This week’s compression, while producing lower prices, appears to simply retest its broken trend line. Note also that VIX has a glaring open gap in the 24/25 area. The year is young still, and there is plenty of room to eventually fill this gap.

As Henrich mentioned earlier, gaps in the VIX are always filled; it’s just a matter of when.  Which is why he also states, “While some gaps can stay open and unfilled for years this large number of open gaps are unlikely to remain unfilled for an extended period.” Nothing wrong with a little “CYA” right?  Remember, this narrative from Henrich was written a month ago Monday. The exercise of discussing the eventuality factors of the VIX need no TA, they simply need a volatility targeting strategy and the existence of time. Since Henrich’s article, if one hedged their portfolio via the VIX-ETP complex, they would have entered a very painful trade and likely taken losses, otherwise known as a tax on one’s profits. It’s for this reason that the majority of time, the non-commercial net speculative futures positioning is net short. Most people simply wait out a volatility spike, roll positions and/or add more short-VOL positions as the VIX spikes.   We know a VIX spike can’t last forever and the decay period can be extensive.

In no way, shape or form am I suggesting a VIX spike isn’t in the cards, but rather given the current gamma offloading, hedging with VIX-ETPs, spikes will be of lesser consequence and short-lived. This statement also presumes a larger spike, given the present implied volatility, but with quick reversion.

Shortened Trading Week

Next week is Good Friday and as such the stock market will be closed on Friday. Last week’s S&P 500 weekly expected move was a meager $31/points for which the index closed within the weekly expected move and after hitting a high point of roughly 2,911. That high-water mark went unnoticed by many, but it represents a key gravity point that found the index trading in and under the 2,911 level and before breaking to new highs in September 2018. So in falling back below 2,911 to end the week, we’ll have to keep this gravity point in mind with bank earnings rolling out in the week ahead.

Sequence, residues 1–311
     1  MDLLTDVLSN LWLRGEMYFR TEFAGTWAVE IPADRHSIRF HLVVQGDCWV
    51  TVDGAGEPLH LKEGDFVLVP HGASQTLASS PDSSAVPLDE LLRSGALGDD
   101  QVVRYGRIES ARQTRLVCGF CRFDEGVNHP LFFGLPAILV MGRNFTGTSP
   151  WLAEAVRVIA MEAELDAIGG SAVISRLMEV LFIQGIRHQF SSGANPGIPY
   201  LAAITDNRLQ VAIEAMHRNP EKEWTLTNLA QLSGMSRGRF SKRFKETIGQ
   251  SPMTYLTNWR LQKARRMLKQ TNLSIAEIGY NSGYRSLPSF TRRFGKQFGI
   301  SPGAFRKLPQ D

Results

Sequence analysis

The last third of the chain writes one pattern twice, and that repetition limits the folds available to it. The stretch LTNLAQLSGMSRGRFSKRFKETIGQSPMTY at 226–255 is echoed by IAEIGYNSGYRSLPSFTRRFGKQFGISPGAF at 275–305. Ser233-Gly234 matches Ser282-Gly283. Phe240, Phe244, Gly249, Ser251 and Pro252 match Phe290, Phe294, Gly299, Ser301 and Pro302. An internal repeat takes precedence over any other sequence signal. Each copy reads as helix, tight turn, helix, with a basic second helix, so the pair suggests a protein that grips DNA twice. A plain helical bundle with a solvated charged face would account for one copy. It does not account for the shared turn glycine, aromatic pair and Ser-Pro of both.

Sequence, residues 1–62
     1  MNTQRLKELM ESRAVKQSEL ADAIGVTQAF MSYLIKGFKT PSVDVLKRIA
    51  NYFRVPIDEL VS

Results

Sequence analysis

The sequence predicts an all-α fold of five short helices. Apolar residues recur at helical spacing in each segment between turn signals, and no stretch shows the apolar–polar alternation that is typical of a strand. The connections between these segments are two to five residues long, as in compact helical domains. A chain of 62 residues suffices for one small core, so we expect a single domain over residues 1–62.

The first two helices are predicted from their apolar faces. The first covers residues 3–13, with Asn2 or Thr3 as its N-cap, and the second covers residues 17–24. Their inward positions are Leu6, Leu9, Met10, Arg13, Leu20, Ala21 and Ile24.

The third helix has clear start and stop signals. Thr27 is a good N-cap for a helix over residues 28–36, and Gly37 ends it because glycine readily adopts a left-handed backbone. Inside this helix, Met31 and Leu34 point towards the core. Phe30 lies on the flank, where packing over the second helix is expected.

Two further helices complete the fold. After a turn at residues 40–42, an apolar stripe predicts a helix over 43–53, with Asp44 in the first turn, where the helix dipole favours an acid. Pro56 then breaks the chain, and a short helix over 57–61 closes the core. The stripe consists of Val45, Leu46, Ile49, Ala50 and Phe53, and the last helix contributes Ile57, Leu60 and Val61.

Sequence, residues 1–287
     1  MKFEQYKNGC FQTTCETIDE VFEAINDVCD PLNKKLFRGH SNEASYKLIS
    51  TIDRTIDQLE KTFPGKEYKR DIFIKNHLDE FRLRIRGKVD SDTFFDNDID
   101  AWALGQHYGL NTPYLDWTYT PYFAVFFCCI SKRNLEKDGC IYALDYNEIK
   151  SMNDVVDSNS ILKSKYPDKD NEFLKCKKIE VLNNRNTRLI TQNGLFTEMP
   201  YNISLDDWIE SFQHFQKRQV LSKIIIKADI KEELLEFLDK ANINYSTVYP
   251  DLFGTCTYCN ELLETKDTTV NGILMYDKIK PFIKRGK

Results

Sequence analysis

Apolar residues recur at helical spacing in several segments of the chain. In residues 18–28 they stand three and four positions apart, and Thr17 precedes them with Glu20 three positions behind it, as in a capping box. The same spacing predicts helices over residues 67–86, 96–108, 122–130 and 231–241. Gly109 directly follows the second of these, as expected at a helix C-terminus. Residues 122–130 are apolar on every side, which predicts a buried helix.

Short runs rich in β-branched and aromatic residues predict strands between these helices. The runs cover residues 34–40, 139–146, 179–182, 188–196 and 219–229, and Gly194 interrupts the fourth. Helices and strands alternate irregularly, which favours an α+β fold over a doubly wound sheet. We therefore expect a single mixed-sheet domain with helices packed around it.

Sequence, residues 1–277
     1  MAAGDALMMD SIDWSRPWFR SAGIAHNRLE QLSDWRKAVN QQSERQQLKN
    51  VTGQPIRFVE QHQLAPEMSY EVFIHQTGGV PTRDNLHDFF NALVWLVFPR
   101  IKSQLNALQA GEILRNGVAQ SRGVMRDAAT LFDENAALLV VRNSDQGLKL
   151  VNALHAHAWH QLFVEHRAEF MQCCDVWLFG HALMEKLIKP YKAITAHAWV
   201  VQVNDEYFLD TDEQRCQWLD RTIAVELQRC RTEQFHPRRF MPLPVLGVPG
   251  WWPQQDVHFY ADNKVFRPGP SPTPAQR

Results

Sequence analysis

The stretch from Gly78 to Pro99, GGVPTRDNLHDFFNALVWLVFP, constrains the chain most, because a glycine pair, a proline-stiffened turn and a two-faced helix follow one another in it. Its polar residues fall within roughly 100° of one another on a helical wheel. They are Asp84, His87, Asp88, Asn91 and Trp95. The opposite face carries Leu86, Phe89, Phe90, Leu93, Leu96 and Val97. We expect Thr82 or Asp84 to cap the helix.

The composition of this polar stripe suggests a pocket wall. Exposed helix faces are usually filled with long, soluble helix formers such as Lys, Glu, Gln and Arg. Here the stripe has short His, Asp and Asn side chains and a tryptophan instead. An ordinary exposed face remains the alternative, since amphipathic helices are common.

As shown in the screenshot above, for the shortened trading week and with volatility hitting it’s lowest level of the year on Friday, the weekly expected move has decreased. This coming week, options are pricing in a weekly expected move of just $27/points.  We’re not sure that’s not going to be eclipsed in one direction or the other with a majority of banks reporting and Wells Fargo (WFC) not looking so hot after reducing guidance. Certainly, J.P. Morgan Chase’s results were strong and handily beat analysts’ estimates, but best of breed companies/stocks should produce such a performance. 

It’s easy to declare that the YTD market rally remains absent positive fund flows and with the usual hedge fund underperformance, however, it’s not so easy to qualify when that paradigm will shift. About $90 billion has left equity funds this year, including $2.6 billion of outflows in the week through April 10, according to a Bank of America Corp. report that cited EPFR Global data.

Fast-money exposure to U.S. equities has plunged to the lowest since 2013, according to an estimate of the portion of their returns attributable to the S&P 500 Index. Other data show the ratio of bullish bets to bearish ones near the lowest in more than a year. CTAs and trend targeting funds are still on the sidelines and holding firm to their “bets”. 

“It’s a sign that hedge funds remain steadfast in their refusal to chase the rising market as they opt for nimbler trades -- rather than a warning that the smart money is aggressively selling into the rally, according to Nomura’s quantitative strategist Masanari Takada.